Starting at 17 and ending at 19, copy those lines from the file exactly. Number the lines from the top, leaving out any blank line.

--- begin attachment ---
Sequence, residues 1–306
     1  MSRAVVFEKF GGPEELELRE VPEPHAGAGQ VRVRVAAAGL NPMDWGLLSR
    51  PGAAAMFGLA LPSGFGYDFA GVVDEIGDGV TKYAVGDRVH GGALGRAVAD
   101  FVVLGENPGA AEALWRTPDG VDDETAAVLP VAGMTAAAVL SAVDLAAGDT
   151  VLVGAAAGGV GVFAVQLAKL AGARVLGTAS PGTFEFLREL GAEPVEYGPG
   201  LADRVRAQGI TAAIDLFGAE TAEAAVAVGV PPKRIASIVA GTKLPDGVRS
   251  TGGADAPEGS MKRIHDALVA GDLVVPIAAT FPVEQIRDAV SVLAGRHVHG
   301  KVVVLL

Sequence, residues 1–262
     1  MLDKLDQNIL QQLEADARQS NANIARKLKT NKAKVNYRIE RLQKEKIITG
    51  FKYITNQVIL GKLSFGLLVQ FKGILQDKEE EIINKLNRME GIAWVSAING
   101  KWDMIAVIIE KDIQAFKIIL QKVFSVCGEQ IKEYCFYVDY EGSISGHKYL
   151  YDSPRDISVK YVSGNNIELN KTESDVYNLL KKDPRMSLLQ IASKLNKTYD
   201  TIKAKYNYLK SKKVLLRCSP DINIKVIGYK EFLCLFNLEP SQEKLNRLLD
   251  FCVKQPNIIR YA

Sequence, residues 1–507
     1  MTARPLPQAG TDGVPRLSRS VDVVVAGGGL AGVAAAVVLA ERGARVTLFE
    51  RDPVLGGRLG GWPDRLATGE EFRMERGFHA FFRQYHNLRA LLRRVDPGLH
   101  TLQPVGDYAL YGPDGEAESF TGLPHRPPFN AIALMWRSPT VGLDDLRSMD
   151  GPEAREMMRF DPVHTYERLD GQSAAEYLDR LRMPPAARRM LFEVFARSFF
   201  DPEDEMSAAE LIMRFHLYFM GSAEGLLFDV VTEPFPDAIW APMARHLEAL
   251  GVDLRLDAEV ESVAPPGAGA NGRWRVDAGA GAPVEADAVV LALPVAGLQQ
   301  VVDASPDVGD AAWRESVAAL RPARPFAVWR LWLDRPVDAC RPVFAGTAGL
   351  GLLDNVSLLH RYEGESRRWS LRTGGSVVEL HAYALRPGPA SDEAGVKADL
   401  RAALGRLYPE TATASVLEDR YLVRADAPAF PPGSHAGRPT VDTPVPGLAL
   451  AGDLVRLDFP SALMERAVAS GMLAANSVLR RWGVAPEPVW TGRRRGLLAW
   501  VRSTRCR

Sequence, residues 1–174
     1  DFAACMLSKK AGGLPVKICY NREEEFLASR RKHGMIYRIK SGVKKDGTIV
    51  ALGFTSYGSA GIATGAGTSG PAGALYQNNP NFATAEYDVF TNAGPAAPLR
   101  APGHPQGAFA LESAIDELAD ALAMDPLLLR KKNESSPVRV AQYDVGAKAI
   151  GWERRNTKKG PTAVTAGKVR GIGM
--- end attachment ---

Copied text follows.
     1  MTARPLPQAG TDGVPRLSRS VDVVVAGGGL AGVAAAVVLA ERGARVTLFE
    51  RDPVLGGRLG GWPDRLATGE EFRMERGFHA FFRQYHNLRA LLRRVDPGLH
   101  TLQPVGDYAL YGPDGEAESF TGLPHRPPFN AIALMWRSPT VGLDDLRSMD